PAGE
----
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1 Rental Housing in Poland – private and public finance W. Jan Brzeski.

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Presentation on theme: "1 Rental Housing in Poland – private and public finance W. Jan Brzeski."— Presentation transcript:

1 1 Rental Housing in Poland – private and public finance W. Jan Brzeski

2 2 Rental Housing as Reform Component Housing reforms should begin with rent reform Housing effort ratios very low in Soviet economies Need to accept higher effort ratios -> higher pre-privatization rents Political economy against higher effort ratios / rents / payments Political economy for give-away micro-privatization instead Primacy of housing choice: type, standard, location, tenure Rental choice for non-beneficiaries of privatization: young and mobile (students, yuppies, dinks) urbanizing migrants and intra-urban nomads vulnerable groups in need of emergency housing permanent urban poor expats, divorced, life-style choice

3 3 Rental Housing as Market Component Demand for rental housing tends to: Decrease with income and age, with increase at retirement Increase with income uncertainty, job search, divorce, mobility Decrease with household size, influenced by household type Decrease with better access to mortgage financing Increase with growing propensity to consume (rather than save) Strongly correlate with building stock composition Supply / investor categories active: Public municipal rental including social Subsistence micro-landlords Small /medium private landlords including restituted Cooperative rentals Non-profit new rental apartments Institutional portfolio investors Lenders financing private and non-profit production

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6 6 As the number of households who did not benefit from the privatization continues to grow – especially the young, the mobile and the poor – the lack of accessible and affordable formal rental housing is pushing them into informal rentals with little tenure security, discouraging higher residential mobility and thus labor market flexibility.

7 7 Young, Mobile and Poor

8 8 Governments are increasingly recognizing that sustainable homeownership for all is neither financially and fiscally possible, nor desirable for all household groups and life-cycle stages.

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10 10 Tenure-Stock Structure in Poland Public rental: Total housing - 14 % Capital city -21 % Rural areas - 2 % Urban areas - 20 % Private rental: Total housing -17 % Capital city -29 % Rural areas - 6 % Urban areas -22 % Overall homeownership rate: 66% Share of multi-family apartments: 70%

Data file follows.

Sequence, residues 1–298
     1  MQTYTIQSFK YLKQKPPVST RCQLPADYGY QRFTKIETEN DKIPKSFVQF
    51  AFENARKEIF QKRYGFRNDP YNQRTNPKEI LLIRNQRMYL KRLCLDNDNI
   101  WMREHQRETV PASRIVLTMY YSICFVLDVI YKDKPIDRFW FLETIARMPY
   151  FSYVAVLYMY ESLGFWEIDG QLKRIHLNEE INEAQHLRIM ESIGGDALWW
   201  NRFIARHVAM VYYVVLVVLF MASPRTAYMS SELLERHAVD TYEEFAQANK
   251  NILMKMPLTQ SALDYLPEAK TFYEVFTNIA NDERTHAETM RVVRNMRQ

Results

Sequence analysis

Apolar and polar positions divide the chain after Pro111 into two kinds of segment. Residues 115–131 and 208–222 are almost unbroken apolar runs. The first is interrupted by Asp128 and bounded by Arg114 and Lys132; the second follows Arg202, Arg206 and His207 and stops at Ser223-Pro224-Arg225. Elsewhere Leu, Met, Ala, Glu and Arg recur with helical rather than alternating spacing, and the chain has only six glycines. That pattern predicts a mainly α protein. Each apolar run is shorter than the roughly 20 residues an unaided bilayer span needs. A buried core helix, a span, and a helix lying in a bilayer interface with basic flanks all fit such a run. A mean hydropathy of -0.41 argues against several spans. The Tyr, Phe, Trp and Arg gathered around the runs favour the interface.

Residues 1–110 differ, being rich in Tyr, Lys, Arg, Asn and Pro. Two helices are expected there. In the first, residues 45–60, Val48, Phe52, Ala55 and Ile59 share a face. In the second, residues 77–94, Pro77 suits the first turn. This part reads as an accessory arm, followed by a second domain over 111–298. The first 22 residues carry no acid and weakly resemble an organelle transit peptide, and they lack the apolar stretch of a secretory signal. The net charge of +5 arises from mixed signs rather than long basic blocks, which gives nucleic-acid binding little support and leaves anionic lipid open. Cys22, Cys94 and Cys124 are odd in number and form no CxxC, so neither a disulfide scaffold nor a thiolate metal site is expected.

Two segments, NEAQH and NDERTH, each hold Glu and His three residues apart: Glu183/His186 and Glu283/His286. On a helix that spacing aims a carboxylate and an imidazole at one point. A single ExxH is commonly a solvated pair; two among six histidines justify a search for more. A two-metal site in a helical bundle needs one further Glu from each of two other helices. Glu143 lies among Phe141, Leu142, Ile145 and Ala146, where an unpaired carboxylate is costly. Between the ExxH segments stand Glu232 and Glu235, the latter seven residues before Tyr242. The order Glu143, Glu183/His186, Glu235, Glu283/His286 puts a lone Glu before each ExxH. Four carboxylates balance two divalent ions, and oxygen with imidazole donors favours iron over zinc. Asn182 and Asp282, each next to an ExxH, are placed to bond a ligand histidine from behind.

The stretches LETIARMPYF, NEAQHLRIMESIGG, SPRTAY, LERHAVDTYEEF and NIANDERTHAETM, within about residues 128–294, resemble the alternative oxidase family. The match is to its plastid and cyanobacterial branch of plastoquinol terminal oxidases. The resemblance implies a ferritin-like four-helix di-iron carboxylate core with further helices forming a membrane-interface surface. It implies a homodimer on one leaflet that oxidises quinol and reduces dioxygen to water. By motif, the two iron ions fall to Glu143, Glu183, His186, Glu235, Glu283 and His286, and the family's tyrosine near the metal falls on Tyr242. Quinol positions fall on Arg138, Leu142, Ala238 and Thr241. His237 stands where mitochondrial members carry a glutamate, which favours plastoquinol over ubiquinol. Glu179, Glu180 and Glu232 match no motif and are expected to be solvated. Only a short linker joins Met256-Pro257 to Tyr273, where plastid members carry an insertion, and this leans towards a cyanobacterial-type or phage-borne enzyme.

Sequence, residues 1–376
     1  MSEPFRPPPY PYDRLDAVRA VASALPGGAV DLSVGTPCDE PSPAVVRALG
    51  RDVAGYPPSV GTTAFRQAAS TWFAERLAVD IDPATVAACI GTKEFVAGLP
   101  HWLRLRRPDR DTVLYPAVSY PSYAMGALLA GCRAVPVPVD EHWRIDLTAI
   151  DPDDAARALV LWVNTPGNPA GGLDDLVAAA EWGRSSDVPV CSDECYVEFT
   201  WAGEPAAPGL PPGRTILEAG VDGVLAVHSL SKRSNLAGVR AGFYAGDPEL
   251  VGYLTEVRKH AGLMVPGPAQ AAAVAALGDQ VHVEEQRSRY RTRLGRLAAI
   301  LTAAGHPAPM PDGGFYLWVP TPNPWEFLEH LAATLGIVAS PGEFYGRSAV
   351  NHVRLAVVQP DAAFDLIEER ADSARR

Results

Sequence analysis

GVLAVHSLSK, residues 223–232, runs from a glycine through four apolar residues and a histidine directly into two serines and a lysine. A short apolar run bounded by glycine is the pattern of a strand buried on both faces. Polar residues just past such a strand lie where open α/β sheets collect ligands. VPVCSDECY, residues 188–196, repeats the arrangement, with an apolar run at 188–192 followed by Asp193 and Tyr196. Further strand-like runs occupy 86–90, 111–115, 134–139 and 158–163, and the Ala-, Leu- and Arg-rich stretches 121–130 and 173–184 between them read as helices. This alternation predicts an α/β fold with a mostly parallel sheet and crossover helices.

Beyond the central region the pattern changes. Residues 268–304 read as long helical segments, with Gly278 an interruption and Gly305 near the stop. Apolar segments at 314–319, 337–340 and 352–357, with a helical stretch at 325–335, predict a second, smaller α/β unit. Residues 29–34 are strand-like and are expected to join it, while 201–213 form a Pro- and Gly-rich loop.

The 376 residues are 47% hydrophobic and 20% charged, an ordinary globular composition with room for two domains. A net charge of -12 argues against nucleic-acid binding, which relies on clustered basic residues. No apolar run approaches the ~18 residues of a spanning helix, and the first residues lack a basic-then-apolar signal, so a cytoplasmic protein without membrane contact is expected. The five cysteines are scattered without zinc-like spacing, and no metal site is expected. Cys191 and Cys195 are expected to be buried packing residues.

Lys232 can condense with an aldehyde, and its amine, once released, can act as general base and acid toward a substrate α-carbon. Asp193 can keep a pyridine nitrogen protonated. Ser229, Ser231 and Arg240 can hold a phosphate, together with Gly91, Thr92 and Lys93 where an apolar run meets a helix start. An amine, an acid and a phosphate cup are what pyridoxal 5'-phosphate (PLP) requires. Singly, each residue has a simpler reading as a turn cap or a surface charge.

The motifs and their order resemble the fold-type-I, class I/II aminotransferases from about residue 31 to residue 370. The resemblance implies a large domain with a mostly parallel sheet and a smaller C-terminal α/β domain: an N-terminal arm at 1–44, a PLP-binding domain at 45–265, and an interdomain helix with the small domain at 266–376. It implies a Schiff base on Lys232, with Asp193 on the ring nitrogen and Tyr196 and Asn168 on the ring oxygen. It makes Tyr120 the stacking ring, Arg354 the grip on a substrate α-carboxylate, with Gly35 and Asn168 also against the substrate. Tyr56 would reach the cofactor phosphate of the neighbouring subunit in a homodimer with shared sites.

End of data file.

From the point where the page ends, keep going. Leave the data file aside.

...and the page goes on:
11 11 Tenure-Income Structure in Poland Ownership and income (by quintiles): I %; II – 15.5 %; III – 19.5 %; IV – 24.7 %; V – 30.3 % Public rental and income (by quintiles): I – 16.4 %; II – 21.1 %; III – 21.8 %; IV – 21.3 %; V – 19.4 % Private rental and income (by quintiles: I – 21.2 %; II – 20.6 %; III – 21.0 %; IV – 19.6 %; V – 17.7%

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13 13 Rental Finance Components in Poland Public / municipal housing: residual of privatization PPP non-profit new rental housing TBS Cooperative rental housing Restituted pre-war rental apartment buildings New subsidized rental dwellings New unsubsidized rental dwellings Informal renting of private apartments and homes Illegal sub-letting of municipal rental apartments

14 14 Rental Policy Directions in Poland Rental sectors role in economic reforms: Linkage to life-cycle demand trends of young population Linkage to labor mobility and regional development Linkage to filtering chain induced by new construction Linkage to social shelter provision Recognizing the need of tenure choice availability Recognizing the need of SME landlord entrepreneurship Recognizing the need of facilitating continued urbanization Contradictory impediments to rental sector reforms: Populist rhetoric of excessive rent controls Failure of courts to rule on evictions onto the street Incomplete landlord-tenant regulations biased towards tenants Failure by populist parliament to approve Government policy

15 15 Rental Policy Instruments in Poland Allow municipalities to decide on privatization: Considerable social housing stock retained Create tax rules for prewar rental apartment buildings: Deductibility of costs, spreading of losses Allow rent differentiation within municipal rental stock: Mimicking market relations between dwellings Subsidies to construction of new rental dwellings: Program abused and discontinued Subsidies and lending to non-profit new rental TBS: 60,000 built with large subsidies and uncertain targeting Develop housing allowances to all formal tenants: Good targeting, under-subscribed Provide professional property asset managers: Over 25,000 licensed managers with modern education and training

16 16 New PPP Rental Initiative Social housing by banks-developers-municipalities: Municipality issues long-term rental contract for a building Bank finances production backed by long-term municipal contract Developer supplies the new building and holds the building At contract expiration municipality takes over building ownership Currently feasibility studies in some pilot sites: Some municipalities willing to experiment How much risk backing to developers Looking for lessons learned elsewhere with similar schemes Current government skeptical about PPP schemes

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